As the months have gone by I have come to realize that a “maybe divorce” is analogous to the dismantling of a house. Most “maybe divorces” appear to me to work in this way:
1.You take down the house slowly brick-by-brick until you reach the foundation and realize that no amount of structural engineering can save it. You then buy two very civilized but individual abodes one stuffed with everything from the marriage and the other devoid of all that it stood for.
2. You blow up the entire structure leaving a giant gaping smoldering hole in the ground with both parties going their separate ways clutching whatever they could find in the ruins. Little is wanted or salvageable.
3. Or you renovate over time; adding on a little here or taking way something there, until something new materializes that you recreated together.
Our “maybe divorce” appears to be going the renovation route which is in some ways not surprising. After all, we have built two houses and a winery during our time together. Our shared history includes a hand-dug out basement using just shovels, our bare hands and a wheelbarrow crafted just like smugglers tunneling underneath the US boarder.We are good at sawing, hammering, planting and building huge retaining walls to hold back all the dirt. We excel at seeing one thing and turning it into another. Our life together has been one big “honey-do” list. And then, just as a project came to fruition, we would always move for the sake of B’s career. All the time and effort down the drain but at the same time offering a chance to start over and reinvent our lives.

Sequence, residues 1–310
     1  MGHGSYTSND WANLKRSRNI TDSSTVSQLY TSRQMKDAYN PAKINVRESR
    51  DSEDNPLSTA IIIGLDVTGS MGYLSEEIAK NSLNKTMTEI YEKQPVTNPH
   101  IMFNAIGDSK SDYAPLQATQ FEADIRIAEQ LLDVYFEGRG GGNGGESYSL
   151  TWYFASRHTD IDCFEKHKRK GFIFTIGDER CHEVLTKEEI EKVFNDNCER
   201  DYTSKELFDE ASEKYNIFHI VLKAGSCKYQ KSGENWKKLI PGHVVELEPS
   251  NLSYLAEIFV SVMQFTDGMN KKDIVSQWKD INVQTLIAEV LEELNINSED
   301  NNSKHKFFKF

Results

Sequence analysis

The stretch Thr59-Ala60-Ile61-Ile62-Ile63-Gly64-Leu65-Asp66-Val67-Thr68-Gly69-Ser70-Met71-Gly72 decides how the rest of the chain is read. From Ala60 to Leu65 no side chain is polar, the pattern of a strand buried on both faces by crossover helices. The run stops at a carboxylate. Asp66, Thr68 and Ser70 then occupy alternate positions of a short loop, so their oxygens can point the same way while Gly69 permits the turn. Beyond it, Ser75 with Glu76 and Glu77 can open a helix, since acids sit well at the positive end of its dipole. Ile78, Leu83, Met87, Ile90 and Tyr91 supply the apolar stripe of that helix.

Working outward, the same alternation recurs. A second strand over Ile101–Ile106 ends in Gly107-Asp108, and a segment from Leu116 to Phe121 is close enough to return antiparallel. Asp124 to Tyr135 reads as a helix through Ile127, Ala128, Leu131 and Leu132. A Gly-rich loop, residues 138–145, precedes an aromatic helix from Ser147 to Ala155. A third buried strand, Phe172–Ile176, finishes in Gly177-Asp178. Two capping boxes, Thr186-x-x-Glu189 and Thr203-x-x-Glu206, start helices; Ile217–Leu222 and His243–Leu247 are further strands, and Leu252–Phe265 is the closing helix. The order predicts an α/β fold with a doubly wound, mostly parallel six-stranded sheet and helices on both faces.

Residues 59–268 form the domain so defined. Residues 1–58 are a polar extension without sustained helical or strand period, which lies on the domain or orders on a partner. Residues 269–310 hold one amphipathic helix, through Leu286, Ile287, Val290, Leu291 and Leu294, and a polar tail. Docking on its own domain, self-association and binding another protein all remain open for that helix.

Today we live in a tract home. It’s identical to so many others on our street. Nothing outside gives an impression of who lives under the eaves. Being architecturally unique is no longer part of who we are and I miss that. Our renovation seems anti-climatic as we chip away at the old broken tile that covers the surface of our lives and pull up the carpet hoping against hope that there is an undiscovered wood floor residing beneath. And while we find some cool relics from the past as we dig around, the treasure we seek seems to be so well hidden that sometimes it seems as if we may never find it despite our best intentions.
Of course, all this renovation comes with a price. The foundation we once thought stable needs shoring up. We fight among ourselves over what we keep and what we let go. The professional “fixers”charge by the hour and cost overruns are the norm. Load bearing walls stay high while other less-necessary walls come down only to go up in some different form again. And the construction dust/debris covers every surface of our lives as we work within the confines of the boundaries of the house to create something that has a better flow. And so it goes.
Yet, recently it came to my attention that with all the care we are putting into our new creation we did forget one tiny but important detail. We forgot to ask the real question…the most important one…is this the right house in the right location in first place?
I suspect only time and the heart will tell.